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Overland Coat of Arms / Overland Family Crest

Overland Coat of Arms / Overland Family Crest

This surname OVERLAND is of two distinct origins. Firstly is was from Switzerland, one who came from Oberland (the high land) the name of several districts in Switzerland. The name simply meant the dweller at the high mountains. Local names usually denoted where a man held his land. Local surnames, by far the largest group, derived from a place name where the man held land or from the place from which he had come, or where he actually lived. These local surnames were originally preceded by a preposition such as "de", "atte", "by" or "in". The names may derive from a manor held, from working in a religious dwelling or from literally living by a wood or marsh or by a stream. The name is also spelt OVERLANDE and EVERLAND. In the 17th century, so-called 'soldiers' names are found as the earliest kind of hereditary surnames in Switzerland. These names were derived from vocabulary words, usually martial-sounding monosyllables such as Rapp (prompt) Rask (bold), or occasionally names of animals and birds. The name were bestowed on soldiers for administrative purposes, and no doubt in some cases derived from pre-existing nicknames. Often names were of the locational type as found in this case. The name was also a habitation name 'of Overland' the name of several small places in Norway. The acquisition of surnames in Europe and England, during the last eight hundred years has been affected by many factors, including social class and social structure, naming practices in cultures and traditions. On the whole the richer and more powerful classes tended to acquire surnames earlier than the working class or the poor, while surnames were quicker to catch on in urban areas than in more sparsely populated rural areas. The bulk of surnames in England were formed in the 13th and 14th centuries. The process started earlier and continued in place names into the 19th century, but the norm is that in the 11th century people did not have surnames, whereas by the 15th century they did. The lion depicted in the arms is the noblest of all wild beasts which is made to be the emblem of strength and valour, and is on that account the most frequently borne in Coat-Armour.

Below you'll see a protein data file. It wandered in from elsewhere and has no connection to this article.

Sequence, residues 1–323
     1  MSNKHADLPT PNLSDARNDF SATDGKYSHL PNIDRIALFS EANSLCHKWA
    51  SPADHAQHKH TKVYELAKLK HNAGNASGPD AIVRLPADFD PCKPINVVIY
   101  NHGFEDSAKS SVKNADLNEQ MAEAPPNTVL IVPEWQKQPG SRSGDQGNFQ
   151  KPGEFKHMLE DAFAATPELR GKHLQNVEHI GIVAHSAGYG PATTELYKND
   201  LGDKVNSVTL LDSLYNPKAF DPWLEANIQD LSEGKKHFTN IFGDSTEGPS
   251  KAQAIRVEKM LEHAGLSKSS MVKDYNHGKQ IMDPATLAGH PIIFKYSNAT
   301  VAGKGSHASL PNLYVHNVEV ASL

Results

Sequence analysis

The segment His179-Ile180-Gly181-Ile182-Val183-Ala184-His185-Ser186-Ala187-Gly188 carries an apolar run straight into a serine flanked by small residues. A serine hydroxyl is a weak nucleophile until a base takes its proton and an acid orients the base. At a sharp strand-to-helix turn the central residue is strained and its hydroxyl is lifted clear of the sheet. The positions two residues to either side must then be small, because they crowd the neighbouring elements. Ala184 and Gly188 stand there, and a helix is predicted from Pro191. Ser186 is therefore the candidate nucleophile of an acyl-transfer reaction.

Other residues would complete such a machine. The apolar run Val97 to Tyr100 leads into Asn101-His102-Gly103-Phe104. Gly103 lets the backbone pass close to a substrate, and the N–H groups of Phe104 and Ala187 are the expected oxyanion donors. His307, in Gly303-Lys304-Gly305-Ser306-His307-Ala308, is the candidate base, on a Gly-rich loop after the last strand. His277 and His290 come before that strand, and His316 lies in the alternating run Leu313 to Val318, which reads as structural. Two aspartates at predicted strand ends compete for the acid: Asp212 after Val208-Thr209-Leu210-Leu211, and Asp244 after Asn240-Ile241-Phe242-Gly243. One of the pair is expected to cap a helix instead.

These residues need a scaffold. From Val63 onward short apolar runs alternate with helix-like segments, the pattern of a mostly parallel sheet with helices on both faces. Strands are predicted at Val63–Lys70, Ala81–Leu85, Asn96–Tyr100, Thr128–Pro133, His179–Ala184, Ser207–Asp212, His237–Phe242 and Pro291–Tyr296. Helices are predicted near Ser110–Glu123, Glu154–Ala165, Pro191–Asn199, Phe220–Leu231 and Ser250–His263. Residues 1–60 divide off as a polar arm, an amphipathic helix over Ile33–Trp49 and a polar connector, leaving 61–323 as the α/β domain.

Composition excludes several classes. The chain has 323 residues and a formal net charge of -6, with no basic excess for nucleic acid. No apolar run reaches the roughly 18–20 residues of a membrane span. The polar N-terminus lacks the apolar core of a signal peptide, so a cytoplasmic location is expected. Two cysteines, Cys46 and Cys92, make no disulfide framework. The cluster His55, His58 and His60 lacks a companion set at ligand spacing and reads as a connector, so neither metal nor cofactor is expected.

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last updated on: September 13 2018

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